1st round pick for Ben Chiarot
This is the minimum, in my opinion, the Canadiens should get for Chiarot. I’ve stated before that the team could likely get a conditional pick based on how far they go in this year’s playoffs. The further the team goes, the higher the pick. Chiarot is having a good season on a bad Habs’ team and teams have seen, just a few months ago, how much they can rely on this physical specimen.
John Klingberg (DAL)
Pierre LeBrun reports that Klingberg could fetch the biggest return. LeBrun speculated it could be a package of a first-round draft pick, a prospect and perhaps another pick. He pointed out the Columbus Blue Jackets got a first and a third for David Savard before last year’s trade deadline. While that might seem too rich for some, it sounds about right considering the market, particularly if Klingberg agrees to a contract extension. He would buy time for Logan Mailloux, the Habs’ highest right-handed defenseman prospect, to properly develop.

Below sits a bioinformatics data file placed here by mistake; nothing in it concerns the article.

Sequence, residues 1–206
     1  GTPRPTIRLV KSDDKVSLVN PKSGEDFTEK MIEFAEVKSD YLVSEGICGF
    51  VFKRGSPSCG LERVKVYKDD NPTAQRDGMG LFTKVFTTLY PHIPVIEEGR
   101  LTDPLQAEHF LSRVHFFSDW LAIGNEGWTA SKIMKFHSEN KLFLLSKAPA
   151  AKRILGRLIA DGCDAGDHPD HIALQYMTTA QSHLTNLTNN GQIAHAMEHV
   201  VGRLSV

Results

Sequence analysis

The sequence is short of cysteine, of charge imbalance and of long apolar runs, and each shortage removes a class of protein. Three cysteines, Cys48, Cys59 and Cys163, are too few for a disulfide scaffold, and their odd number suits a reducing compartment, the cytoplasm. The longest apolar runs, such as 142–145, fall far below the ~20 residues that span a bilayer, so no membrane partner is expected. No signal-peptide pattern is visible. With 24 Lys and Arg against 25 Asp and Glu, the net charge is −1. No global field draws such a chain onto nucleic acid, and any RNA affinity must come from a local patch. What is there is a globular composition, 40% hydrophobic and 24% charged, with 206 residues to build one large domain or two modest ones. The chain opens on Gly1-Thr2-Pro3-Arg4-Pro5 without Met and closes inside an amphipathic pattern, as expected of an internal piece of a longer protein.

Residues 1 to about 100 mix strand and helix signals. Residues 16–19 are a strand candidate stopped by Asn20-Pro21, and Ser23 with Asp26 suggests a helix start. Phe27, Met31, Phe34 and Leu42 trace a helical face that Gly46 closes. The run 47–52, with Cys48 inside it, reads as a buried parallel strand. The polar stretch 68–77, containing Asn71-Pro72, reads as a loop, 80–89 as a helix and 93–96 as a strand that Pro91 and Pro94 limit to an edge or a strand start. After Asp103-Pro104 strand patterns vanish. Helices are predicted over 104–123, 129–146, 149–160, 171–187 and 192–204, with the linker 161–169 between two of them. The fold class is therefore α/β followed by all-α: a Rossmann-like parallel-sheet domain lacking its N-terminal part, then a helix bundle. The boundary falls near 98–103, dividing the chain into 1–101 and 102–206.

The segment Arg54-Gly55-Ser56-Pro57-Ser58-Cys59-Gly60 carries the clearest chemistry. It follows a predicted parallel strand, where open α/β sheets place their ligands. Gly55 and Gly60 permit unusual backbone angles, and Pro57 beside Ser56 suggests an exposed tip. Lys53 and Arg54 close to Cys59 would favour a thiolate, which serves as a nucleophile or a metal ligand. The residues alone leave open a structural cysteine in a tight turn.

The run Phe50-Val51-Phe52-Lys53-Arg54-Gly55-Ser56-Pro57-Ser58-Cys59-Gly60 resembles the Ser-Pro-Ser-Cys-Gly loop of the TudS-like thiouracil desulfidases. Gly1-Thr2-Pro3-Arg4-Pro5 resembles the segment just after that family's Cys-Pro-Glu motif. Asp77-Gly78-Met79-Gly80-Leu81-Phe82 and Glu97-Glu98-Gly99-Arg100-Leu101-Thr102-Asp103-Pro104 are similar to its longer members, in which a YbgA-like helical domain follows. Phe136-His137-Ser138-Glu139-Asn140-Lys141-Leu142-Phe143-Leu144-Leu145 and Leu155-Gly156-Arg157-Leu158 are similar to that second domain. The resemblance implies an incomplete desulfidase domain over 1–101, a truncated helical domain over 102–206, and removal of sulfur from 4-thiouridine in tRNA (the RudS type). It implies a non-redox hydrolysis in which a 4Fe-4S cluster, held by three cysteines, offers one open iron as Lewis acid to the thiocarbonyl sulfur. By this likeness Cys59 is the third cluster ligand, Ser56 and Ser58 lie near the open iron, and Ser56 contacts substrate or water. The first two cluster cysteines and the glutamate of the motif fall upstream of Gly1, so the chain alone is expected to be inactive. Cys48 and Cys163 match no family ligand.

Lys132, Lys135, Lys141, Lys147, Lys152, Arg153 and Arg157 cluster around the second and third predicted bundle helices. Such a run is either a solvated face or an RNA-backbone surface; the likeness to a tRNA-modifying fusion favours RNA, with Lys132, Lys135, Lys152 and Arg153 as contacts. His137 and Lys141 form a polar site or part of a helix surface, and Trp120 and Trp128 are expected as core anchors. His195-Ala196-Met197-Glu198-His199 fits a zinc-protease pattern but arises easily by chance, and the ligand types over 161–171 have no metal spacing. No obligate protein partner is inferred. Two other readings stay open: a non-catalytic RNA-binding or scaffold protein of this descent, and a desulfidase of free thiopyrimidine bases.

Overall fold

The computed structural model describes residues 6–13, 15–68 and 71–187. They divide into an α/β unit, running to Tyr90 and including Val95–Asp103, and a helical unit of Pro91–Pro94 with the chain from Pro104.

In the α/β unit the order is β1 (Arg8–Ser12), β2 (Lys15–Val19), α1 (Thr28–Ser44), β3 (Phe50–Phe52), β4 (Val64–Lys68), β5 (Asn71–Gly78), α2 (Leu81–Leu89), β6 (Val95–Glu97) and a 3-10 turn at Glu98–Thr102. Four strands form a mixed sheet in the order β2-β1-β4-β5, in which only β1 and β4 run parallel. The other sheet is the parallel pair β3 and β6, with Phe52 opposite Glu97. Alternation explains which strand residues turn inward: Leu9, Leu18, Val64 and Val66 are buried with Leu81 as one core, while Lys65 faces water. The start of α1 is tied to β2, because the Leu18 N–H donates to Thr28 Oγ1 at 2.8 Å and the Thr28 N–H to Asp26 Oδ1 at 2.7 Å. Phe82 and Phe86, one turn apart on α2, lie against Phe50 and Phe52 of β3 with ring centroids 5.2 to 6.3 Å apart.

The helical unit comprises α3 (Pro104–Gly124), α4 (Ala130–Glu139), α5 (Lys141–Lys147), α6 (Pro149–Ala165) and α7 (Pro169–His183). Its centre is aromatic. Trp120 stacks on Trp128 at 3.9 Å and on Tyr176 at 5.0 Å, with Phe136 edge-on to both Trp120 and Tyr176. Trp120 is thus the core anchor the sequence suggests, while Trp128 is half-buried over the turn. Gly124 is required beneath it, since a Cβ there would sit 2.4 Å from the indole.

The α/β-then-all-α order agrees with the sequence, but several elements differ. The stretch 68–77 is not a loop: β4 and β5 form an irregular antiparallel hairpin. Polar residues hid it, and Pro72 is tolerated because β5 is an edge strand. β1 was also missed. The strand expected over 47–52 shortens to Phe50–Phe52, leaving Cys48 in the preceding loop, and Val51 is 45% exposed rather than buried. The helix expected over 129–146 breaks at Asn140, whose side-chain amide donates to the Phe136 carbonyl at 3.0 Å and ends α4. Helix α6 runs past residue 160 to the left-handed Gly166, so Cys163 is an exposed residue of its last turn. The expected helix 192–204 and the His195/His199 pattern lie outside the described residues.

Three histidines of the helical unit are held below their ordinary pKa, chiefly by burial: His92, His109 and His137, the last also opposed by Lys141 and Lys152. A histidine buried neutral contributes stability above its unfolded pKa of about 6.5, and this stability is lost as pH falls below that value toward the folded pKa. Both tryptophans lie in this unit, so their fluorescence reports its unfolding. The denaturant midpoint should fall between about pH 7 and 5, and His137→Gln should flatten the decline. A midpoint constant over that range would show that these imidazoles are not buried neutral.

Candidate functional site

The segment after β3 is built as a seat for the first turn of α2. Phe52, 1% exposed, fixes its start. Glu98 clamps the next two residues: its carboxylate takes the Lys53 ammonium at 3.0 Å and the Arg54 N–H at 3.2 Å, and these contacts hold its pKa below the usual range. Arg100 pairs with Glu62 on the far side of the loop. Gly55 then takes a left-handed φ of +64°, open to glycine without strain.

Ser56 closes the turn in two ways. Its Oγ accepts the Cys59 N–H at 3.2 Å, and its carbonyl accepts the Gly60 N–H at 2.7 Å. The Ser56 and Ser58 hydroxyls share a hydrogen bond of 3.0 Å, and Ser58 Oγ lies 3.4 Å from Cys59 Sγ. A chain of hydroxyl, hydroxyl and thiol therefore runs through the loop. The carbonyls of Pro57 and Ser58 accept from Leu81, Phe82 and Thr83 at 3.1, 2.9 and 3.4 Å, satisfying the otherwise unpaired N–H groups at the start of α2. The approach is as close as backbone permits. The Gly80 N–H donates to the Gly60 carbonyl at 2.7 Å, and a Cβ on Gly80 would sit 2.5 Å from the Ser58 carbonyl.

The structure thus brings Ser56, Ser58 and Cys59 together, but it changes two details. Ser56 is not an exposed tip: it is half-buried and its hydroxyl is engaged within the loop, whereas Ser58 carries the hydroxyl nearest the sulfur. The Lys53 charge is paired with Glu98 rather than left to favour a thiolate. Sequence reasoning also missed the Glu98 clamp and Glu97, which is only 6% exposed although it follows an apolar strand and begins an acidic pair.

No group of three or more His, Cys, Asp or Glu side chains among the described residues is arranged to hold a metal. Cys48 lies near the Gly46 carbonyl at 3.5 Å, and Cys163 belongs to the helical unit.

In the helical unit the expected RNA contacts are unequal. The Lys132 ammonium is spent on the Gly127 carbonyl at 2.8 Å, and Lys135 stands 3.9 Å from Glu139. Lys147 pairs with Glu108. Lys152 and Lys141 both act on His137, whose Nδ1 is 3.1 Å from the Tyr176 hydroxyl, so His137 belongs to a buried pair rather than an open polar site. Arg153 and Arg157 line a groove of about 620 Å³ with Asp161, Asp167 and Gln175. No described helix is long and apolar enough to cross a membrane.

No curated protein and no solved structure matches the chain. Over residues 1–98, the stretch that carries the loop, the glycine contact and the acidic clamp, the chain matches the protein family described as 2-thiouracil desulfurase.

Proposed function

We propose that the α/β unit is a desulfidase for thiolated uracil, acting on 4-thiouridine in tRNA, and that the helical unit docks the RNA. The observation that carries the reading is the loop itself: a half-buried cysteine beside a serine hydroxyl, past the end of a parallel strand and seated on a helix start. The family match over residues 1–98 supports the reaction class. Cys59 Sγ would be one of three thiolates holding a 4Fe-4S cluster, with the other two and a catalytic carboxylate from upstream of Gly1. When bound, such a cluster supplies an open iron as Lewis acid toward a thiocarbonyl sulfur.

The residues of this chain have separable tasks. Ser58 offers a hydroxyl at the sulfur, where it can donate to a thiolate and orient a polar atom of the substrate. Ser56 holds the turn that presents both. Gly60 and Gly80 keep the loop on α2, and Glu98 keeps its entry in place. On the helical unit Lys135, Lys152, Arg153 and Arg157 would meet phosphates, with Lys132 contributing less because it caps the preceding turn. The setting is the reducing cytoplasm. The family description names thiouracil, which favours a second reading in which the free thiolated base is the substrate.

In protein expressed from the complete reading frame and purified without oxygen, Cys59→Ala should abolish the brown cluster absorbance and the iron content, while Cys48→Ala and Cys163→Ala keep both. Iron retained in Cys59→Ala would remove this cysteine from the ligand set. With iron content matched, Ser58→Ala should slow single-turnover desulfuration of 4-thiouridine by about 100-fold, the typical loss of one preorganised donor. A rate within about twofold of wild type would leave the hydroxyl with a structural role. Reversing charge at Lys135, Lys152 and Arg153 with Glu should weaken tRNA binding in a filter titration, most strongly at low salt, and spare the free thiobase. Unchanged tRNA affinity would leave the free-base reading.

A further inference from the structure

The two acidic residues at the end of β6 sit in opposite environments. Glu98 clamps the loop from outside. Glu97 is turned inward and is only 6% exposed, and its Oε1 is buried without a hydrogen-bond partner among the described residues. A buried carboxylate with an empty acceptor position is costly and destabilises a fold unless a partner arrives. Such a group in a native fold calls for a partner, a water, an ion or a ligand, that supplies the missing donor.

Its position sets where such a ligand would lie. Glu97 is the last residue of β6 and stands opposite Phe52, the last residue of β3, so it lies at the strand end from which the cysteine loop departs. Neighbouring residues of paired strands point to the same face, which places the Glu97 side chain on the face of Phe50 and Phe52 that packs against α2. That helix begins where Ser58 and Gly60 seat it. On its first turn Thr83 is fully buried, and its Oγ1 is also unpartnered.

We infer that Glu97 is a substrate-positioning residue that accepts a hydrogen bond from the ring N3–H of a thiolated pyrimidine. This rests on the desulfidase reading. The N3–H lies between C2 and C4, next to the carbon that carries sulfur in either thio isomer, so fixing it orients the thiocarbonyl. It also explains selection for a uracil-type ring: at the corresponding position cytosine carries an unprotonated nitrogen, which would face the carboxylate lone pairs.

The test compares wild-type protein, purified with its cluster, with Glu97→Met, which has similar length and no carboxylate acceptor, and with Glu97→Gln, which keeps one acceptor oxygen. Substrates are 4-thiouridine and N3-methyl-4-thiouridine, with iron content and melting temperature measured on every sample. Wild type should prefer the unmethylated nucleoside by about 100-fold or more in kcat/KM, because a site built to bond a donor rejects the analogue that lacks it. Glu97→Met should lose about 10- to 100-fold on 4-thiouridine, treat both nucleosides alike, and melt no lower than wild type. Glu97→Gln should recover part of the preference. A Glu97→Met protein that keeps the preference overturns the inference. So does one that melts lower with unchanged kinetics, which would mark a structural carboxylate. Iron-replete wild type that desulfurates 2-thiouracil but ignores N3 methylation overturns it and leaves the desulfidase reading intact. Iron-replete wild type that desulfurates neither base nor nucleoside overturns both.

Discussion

So there you have it folks. Those are not necessarily the players that the Canadiens will get, but it’s the type of young players that the team could target. Once again, it’s based on the fact that they have tons of picks in the pipelines, and many more for the upcoming draft. Some of those are former first or second round picks, but they are closer to the NHL than a draft pick would be. And we’ve explained recently the realities of the Draft.
It is also important to note that I’m not saying that any or all of those players are available, although we have heard some of them being subjects of rumours. But a remember that a rumour is just a rumour until something happens.